Quoted from AlexF:
Oh weird, I didn't notice that. One with and one without. Where's NicoVolta? He loves the prototype version. It would be fun to have them set up side by side for awhile.
Whoa... I was at a pinball party this evening and Xerico just informed me about this thread... "You didn't hear about it?"
Hi DEN. What you've got there is, in my *opinion*, the most desirable EM of them all. Both in terms of play and collectability (collectibility?). The main reason why....?
The guy was a WIZARD of innovation from the start of his career and never quit. His first game was Williams King Pin in 1962... a novel game with four flippers in an unusual layout w/center kicker. King Pin is (rightly) considered one of the very best of the "reverse wedgeheads" from that era along with River Boat, which he also designed. Other innovations followed:
1964 - Stop N' Go with reverse flippers and unique stop/go scoring
1966 - 8-Ball - 2-player middle-pop game
1966 - A-Go-Go - first game with roulette captive ball spinner (which he invented)
1967 - Magic City - 1-player middle-pop game
1968 - Cue-T/Miss-O - 1-player middle-pop games w/AAB variant
1970 - Jive Time w/huge backbox spinner
1971 - Doodle Bug w/innovative captive ball scoring and nonstop action
1972 - Spanish Eyes - First middle-pop game w/3" flippers
1972 - Fan-Tas-Tic - First 4-player middle-pop game
1973 - Travel Time - unique time-based play
1974 - Norm Clark modifies some Bow and Arrow machines with a new little thing called "solid state technology"
...as well as having designed many beloved games in-between such as Apollo, Pit Stop, Klondike, Gulfstream, etc.
If you look at pinball history, you will see that every middle-pop game since the woodrail era (with the exception of Safari) was designed by Norm Clark. Essentially, he is responsible for bringing back middle-pop games and taking them to the next level.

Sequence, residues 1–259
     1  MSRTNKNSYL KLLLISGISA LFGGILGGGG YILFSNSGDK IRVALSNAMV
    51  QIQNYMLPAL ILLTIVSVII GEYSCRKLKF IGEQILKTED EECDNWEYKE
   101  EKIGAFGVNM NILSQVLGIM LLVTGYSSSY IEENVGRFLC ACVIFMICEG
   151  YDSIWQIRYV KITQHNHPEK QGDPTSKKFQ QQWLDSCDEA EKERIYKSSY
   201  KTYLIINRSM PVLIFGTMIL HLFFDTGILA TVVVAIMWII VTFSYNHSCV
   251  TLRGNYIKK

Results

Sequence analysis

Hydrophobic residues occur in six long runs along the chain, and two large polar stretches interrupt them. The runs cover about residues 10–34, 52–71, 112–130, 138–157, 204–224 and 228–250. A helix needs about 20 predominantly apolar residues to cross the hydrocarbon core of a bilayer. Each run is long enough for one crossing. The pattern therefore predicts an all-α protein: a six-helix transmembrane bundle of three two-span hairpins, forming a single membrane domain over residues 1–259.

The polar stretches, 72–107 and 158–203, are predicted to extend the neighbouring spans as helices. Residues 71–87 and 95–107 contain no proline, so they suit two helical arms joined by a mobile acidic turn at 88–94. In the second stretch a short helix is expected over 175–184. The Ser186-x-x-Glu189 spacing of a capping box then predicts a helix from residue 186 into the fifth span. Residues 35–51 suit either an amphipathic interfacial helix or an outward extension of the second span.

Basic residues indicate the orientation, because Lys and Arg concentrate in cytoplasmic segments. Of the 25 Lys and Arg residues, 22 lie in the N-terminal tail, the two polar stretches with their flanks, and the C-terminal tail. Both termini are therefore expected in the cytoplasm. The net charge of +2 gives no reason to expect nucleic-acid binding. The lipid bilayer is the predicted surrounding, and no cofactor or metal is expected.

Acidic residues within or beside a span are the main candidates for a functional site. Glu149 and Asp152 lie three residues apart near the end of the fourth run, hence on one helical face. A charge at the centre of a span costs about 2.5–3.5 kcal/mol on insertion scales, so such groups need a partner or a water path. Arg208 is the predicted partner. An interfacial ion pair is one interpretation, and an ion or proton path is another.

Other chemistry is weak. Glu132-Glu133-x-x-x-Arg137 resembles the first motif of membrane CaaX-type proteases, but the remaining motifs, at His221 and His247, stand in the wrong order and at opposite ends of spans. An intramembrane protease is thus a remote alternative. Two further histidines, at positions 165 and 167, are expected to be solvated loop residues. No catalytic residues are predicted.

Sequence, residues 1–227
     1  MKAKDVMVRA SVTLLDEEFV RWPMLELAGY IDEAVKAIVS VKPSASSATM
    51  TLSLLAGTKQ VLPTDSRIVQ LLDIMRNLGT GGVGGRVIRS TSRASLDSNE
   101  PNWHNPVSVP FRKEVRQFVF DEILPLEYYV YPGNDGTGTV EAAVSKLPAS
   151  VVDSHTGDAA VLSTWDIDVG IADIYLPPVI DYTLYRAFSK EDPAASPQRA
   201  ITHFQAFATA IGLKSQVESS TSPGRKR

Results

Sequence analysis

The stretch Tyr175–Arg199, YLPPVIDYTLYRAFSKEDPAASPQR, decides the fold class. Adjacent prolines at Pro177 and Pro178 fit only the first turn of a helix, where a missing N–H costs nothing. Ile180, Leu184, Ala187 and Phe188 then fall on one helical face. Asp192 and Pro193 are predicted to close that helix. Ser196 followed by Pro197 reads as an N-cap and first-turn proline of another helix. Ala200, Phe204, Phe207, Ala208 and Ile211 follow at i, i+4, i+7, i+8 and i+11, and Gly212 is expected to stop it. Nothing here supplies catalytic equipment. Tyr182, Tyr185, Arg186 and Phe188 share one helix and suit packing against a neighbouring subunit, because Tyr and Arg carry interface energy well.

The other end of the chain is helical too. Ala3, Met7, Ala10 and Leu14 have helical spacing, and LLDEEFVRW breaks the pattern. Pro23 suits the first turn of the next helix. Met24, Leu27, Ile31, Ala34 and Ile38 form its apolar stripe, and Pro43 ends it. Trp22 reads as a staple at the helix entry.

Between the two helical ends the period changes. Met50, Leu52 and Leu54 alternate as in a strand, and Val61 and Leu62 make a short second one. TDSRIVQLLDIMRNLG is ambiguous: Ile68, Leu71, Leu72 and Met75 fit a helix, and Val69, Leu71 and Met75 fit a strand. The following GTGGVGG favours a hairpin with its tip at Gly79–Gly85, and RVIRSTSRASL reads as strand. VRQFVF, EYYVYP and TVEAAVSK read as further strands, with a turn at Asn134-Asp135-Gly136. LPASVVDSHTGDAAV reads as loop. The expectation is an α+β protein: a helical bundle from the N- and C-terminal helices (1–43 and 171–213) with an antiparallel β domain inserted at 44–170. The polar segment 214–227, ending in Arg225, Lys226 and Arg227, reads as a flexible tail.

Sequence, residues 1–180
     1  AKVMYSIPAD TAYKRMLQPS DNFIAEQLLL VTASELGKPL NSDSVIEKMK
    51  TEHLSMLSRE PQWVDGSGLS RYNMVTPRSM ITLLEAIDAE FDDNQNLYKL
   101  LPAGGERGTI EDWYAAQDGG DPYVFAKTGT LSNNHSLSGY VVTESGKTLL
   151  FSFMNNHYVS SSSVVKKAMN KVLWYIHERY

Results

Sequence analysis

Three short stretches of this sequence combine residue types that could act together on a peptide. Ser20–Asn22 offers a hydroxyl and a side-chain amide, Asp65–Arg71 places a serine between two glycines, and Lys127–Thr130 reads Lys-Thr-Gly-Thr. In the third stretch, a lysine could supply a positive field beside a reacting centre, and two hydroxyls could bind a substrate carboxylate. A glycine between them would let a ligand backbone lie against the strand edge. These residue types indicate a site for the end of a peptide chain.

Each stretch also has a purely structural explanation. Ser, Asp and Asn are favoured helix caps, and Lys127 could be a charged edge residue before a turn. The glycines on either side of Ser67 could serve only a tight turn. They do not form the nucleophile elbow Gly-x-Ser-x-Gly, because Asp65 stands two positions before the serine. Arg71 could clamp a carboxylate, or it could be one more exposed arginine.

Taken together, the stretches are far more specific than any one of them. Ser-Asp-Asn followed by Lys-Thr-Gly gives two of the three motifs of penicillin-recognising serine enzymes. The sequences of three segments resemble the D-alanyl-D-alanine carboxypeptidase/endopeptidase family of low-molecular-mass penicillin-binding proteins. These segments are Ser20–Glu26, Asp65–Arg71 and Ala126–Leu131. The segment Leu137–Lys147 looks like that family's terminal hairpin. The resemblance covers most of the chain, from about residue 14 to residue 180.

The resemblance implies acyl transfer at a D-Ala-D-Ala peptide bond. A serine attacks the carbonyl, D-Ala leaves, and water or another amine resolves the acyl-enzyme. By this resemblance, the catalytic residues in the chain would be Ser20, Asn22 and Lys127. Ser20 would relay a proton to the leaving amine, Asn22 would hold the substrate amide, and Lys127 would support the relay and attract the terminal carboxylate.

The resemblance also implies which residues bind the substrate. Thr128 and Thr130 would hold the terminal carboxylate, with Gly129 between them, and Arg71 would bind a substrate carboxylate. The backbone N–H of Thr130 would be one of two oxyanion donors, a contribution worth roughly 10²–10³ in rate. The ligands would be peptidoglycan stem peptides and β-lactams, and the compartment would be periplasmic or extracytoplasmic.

Knowing this... we continue...
In 1975, Norm Clark joined Bally as head of the design department. The next game in production was for the American bicentennial celebration in 1976... hence "Freedom".
As we know, only 100 Freedom prototypes were ever built. Primarily because European distributors didn't "get" the middle-pop thing. They demanded a redesign... and Bally caved in order to sell more units. Which essentially destroyed its fundamental figure-8 geometry and wide shot stance (not to mention the unpredictable fun of the middle-pop).
Isn't it ironic that a game named "Freedom" of all things, with an over-the-top American theme, gets shut down by fussy Europeans from which Americans came in the first place? I imagine a snooty Frenchman in a beret... "zis meedle-pop bumper... tut tut... no no no... zees will not do at all. Not at all. Just make eet like all ze others. Do eet now... or you... and your MEEDLE-POP BUMPER... can sweem back to America."
LOL and thus here we are today.
A lot of rare games and prototypes were made in low quantities because they weren't very good, but this one is definitely an exception. The Freedom prototype is Norm Clark's last, and best, middle-pop game... deployed on the last, and best, Bally EM platform... in its original unmolested form... having escaped with its "Freedom" intact... with a touch of Kmiec's "house energy" in full swing... and is the single best-playing EM I have ever found. The layout is wide, fast, and fun and will teach you new flipper skills in the process. Enough that I think every serious player or collector should have at least one middle-pop in their stable (Fan-Tas-Tic or Spanish Eyes would be the obvious alternatives since they offer a similar layout and relatively high production count... can still be had affordably).
So, DEN... if you are not an EM-guy... if you don't enjoy disassembling steppers and relays and rebuilding things by hand... if you don't plan to give this special game a head-to-toe restoration... I suggest passing it on to someone who will do so and put it in front of people who will play it and be entertained by its history. Who knows, since yours is in Europe, maybe that very game was the one which set everyone off? :p
And yes, I'd also very much like to own it and restore it.